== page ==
Nov 6, 2013 6:02 PM

Dr. John Avery Bertrand, 1925-2013

Dr. John Avery Bertrand, 88, former Acadia Parish School Board Superintendent and longtime Member and President of the Louisiana Board of Elementary and Secondary Education, died Tuesday, November 5, 2013, at the American Legion Hospital in Crowley. A Mass of Christian Burial will be held Friday, November 8, 2013 at St. Michael the Archangel Catholic Church in Crowley, Louisiana with Father Gary Schexnayder officiating. The family requests visiting hours Thursday from 2:00 p.m. to 9:00 p.m. and Friday from 8:00 a.m. to 9:45 a.m. at Geesey-Ferguson Funeral Home. Burial will be in Woodlawn Cemetery.

Dr. Bertrand was born in Corsicana, Texas on October 27, 1925 to Joseph Avery Bertrand and Anaise Boone and soon after moved to Evangeline, Louisiana where he was a top student at Evangeline Oilfield School. He also attended Egan Jr. High and graduated from Iota High School with honors in 1942. His first post high-school job was in a country grocery store. He was the manager...also the sales clerk, the stock clerk, the bookkeeper, the kerosene dispenser, clean up supervisor and the cleaner upper.

This job did not last long. The United States was at war. Dr. Bertrand enlisted and served 2 ½ years in the United States Coast Guard aboard the USS Eugene in the South Pacific where his ship supported invasions of New Guinea and the Philippines, as well as escorting convoys in the Pacific and the North Atlantic during World War II.

Upon military service discharge in 1946, he married his high school sweetheart, Ella Mae Simar. They were blessed with four children and have been married for 67 years. After a brief stint as a carpenter's helper , he enrolled in college under the GI Bill. He received a Bachelor of Science at SLI (now ULL) in 1950, where he graduated with highest distinction, a Master of Science from LSU in 1952, and a PhD from the University of Texas at Austin in 1966.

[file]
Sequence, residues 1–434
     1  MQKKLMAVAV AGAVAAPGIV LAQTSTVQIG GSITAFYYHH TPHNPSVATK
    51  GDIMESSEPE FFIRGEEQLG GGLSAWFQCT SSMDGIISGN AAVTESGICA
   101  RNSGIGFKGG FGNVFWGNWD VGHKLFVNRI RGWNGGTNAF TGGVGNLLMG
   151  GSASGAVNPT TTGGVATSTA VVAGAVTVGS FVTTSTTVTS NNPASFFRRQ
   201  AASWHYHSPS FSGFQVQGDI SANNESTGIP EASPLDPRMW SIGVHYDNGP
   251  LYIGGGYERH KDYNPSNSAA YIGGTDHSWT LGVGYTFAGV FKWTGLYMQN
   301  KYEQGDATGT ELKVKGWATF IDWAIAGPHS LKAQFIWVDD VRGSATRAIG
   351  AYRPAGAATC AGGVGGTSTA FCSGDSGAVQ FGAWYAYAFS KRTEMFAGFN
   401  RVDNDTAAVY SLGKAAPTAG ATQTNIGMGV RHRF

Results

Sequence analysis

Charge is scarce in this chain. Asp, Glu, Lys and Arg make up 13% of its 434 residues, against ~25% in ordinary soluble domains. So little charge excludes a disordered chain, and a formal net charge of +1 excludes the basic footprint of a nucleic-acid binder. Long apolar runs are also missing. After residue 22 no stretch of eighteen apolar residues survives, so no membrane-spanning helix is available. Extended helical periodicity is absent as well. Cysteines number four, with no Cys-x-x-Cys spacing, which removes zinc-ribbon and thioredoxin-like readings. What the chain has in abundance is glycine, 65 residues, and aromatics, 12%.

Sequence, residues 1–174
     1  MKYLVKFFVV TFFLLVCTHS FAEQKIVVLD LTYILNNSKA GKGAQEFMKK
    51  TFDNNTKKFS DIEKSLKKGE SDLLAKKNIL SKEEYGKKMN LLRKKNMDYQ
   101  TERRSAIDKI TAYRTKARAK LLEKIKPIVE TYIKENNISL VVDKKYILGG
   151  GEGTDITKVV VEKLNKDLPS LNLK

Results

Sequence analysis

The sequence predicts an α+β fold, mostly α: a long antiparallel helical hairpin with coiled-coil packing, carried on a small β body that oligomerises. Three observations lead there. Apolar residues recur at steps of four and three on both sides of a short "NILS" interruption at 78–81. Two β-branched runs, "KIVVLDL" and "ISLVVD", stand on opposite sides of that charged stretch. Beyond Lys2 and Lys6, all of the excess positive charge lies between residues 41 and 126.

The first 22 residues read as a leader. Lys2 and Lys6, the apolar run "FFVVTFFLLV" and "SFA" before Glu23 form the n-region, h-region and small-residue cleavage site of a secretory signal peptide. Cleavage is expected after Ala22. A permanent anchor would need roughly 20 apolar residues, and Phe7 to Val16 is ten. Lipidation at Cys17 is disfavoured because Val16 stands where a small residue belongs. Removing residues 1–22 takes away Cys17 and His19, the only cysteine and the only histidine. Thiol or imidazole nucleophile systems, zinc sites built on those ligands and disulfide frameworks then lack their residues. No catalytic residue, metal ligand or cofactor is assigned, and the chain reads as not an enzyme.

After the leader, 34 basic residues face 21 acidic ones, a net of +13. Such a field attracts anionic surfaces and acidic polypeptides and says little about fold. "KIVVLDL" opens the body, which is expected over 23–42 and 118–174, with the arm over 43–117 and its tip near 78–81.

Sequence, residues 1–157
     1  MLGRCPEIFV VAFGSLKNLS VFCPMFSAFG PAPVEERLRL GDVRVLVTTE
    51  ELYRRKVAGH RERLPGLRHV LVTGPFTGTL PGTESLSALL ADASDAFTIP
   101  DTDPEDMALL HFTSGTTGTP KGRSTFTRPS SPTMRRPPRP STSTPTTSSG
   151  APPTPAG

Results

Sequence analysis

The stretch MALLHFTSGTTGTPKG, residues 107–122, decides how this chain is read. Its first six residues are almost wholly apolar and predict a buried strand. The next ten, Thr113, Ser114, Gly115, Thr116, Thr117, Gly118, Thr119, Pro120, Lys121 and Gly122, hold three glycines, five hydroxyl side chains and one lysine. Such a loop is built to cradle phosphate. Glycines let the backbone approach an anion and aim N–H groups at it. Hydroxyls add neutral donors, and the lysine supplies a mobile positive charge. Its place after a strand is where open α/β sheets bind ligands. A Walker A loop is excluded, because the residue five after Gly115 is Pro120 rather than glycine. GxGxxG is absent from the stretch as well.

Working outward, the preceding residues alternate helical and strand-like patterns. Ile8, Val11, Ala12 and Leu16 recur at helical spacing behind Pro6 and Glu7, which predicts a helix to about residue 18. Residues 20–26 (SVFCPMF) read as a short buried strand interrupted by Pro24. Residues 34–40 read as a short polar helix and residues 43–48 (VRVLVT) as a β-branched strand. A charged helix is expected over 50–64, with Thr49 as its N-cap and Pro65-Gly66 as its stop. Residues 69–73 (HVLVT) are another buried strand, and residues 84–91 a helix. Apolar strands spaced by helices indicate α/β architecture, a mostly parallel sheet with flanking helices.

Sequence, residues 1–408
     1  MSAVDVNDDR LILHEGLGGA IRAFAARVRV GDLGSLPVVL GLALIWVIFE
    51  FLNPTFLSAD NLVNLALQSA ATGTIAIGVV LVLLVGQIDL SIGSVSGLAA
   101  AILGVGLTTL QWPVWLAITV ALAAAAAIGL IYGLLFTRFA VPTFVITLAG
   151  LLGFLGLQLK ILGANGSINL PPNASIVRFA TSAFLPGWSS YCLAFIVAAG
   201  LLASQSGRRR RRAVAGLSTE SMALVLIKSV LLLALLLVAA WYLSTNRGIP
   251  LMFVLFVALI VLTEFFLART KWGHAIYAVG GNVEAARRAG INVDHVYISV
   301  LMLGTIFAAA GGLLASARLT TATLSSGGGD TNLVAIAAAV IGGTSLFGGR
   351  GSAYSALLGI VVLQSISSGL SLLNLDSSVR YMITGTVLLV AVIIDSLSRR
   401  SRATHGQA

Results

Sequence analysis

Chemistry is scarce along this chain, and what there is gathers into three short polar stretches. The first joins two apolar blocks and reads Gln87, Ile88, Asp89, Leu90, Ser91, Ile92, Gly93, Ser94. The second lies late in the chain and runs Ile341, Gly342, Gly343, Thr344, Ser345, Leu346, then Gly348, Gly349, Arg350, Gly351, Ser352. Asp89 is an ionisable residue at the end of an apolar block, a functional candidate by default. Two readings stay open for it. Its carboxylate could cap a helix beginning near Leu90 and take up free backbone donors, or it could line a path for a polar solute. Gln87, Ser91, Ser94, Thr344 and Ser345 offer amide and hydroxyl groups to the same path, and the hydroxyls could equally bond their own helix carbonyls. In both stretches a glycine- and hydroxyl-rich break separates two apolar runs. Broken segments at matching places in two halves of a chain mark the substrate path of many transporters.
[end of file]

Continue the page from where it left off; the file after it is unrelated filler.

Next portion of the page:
He started his teaching career in Rayne, at North Rayne Elementary, then moved to Calcasieu Parish and served as a teacher and supervisor of student teachers at LaGrange High School. He then served as principal at Starks High School. He moved back to Lake Charles and served as principal of College Oaks Elementary School, and Forest K. White Jr. High School, where he was responsible for the student teaching program for McNeese University student teachers.

After teaching and serving as a school administrator for nearly 20 years, Dr. Bertrand was ready to lead a school district. Acadia Parish needed a superintendent and Dr. Bertrand applied for the job. On the application form, Dr. Bertrand wrote, "If you need an Educator, I can do the job. If you are looking for a politician, I suggest you look elsewhere." He got the job and was appointed Superintendent of Acadia Parish Schools where he served for 19 years. After his first appointment, he was re-appointed four times by the largest school board in the State (16 members) without a single vote ever being cast against his appointment.

One of the first challenges Dr. Bertrand faced as Superintendent was school desegregation. Acadia Parish was one of the few school systems in the state that integrated without having to close the schools for even one day...and no private segregations academies were created in the parish. Working with the white and black community leaders, he crafted one of the few plans in Louisiana accepted by the US Department of Justice Department. During the first year of integration, Dr. Bertrand silently set an example by placing his first grade daughter in a classroom with Mrs. H. Harmon, an outstanding black teacher who had taught in the formerly all black school of Ross Elementary. Before he left office, Acadia Parish Schools were declared fully integrated and the district was released from federal court orders, which is quite amazing, as many districts in the country are under federal court orders this day.